Traveller funeral for Andrew Colwyn after 22 years in coma
Hundreds of mourners from the Gypsy and traveller community have attended a funeral for a man from Cardiff who died after 22 years in a coma.
Andrew Colwyn - known as 'The Boy' to friends and family - was just 24 when he was hit by a drunk driver in 1992 and fell into a deep coma.
He never recovered and died on 20 November aged 46.
A major road in Cardiff was closed for his funeral, which saw five trucks bearing colourful flower arrangements.
They depicted things that Mr Colwyn had always loved, from boxing gloves and a snooker table to Ford cars and Lurcher greyhounds.
His loved ones held an all-night vigil over his body the night before the funeral at St Alban's Church in Splott on Tuesday.
Mr Colwyn, a former scrap metal worker, was a keen boxer and car lover and was well known in the Welsh traveller community.
The trucks carrying the colourful flower arrangements followed a horse-drawn cortege from Rover Way to the church.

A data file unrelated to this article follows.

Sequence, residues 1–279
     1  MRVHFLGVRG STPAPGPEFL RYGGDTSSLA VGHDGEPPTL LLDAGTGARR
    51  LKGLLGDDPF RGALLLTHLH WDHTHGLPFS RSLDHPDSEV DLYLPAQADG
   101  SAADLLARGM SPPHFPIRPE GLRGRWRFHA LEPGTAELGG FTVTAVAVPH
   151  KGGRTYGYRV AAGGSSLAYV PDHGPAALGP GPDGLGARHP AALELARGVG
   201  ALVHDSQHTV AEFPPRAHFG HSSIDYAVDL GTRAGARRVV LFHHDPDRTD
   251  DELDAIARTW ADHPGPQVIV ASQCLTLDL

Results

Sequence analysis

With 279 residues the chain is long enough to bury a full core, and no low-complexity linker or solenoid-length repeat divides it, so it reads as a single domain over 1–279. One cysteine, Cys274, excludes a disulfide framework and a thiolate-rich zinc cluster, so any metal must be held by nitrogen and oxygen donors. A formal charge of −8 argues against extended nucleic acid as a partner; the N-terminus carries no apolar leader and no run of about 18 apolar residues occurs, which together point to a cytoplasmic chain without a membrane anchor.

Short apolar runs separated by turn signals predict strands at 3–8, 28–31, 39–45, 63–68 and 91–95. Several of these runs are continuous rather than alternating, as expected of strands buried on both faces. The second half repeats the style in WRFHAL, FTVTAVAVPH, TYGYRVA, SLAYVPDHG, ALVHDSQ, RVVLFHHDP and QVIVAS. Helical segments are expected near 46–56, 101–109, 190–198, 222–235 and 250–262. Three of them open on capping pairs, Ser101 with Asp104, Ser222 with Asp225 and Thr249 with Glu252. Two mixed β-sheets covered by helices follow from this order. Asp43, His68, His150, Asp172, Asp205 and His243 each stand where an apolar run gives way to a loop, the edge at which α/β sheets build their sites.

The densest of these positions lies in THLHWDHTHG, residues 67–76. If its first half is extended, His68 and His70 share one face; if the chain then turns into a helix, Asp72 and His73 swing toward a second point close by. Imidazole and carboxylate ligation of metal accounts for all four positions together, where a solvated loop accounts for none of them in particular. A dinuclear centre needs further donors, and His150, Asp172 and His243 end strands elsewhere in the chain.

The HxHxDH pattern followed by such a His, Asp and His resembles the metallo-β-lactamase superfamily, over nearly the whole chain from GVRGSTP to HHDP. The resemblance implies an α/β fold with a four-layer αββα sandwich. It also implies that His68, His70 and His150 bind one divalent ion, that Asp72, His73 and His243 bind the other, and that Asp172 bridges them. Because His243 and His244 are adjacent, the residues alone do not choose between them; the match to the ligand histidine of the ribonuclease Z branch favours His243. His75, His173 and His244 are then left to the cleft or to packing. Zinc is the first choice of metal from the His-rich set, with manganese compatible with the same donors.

The procession included of hundreds of mourners from across the UK.
His cousin, also named Andrew Colwyn, 20, who was named after 'The Boy', said "everyone had a nice word to say about him".
"People have come over from all across the country to pay tribute to The Boy today, west Wales and all over the place," he told Wales Online.
"The Boy was very popular and well respected back in the day.
"We wanted to give him a proper send-off and that's why all the flowers represent what he loved. He loved boxing, The Boy did, he was an amateur boxer, and he loves his trucks and his dogs too."
Another cousin John Price, 23, said: "He was The Boy to everyone who knew him - and everyone did. Go and knock on any door here in Splott, ask them if they know The Boy, and they'll tell you everything about the terrible accident that happened.
"He was in hospital for seven years after the accident and then his mum and dad looked after him full-time. They idolised him - he was their world.
"But he's with them now and he isn't suffering anymore and that's what matters."
Cardiff council said it closed Rover Way on Tuesday morning because it was expecting "a high volume of traffic" in the area.
The funeral service was followed by a burial at St Andrew's cemetery in Dinas Powys, Vale of Glamorgan.